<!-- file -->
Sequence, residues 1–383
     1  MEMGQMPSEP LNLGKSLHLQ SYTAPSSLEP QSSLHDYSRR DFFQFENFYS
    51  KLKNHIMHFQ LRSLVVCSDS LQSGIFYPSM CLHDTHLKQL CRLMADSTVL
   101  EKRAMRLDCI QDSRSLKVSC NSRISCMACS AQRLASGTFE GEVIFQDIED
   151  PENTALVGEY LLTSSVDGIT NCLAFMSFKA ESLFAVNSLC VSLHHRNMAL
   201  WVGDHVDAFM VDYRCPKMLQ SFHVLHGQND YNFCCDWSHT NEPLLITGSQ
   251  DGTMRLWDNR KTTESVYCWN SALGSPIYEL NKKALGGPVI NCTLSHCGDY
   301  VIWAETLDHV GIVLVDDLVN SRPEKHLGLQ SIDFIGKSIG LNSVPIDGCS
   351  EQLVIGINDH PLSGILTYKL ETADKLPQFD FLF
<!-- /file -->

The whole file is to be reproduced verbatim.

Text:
Sequence, residues 1–383
     1  MEMGQMPSEP LNLGKSLHLQ SYTAPSSLEP QSSLHDYSRR DFFQFENFYS
    51  KLKNHIMHFQ LRSLVVCSDS LQSGIFYPSM CLHDTHLKQL CRLMADSTVL
   101  EKRAMRLDCI QDSRSLKVSC NSRISCMACS AQRLASGTFE GEVIFQDIED
   151  PENTALVGEY LLTSSVDGIT NCLAFMSFKA ESLFAVNSLC VSLHHRNMAL
   201  WVGDHVDAFM VDYRCPKMLQ SFHVLHGQND YNFCCDWSHT NEPLLITGSQ
   251  DGTMRLWDNR KTTESVYCWN SALGSPIYEL NKKALGGPVI NCTLSHCGDY
   301  VIWAETLDHV GIVLVDDLVN SRPEKHLGLQ SIDFIGKSIG LNSVPIDGCS
   351  EQLVIGINDH PLSGILTYKL ETADKLPQFD FLF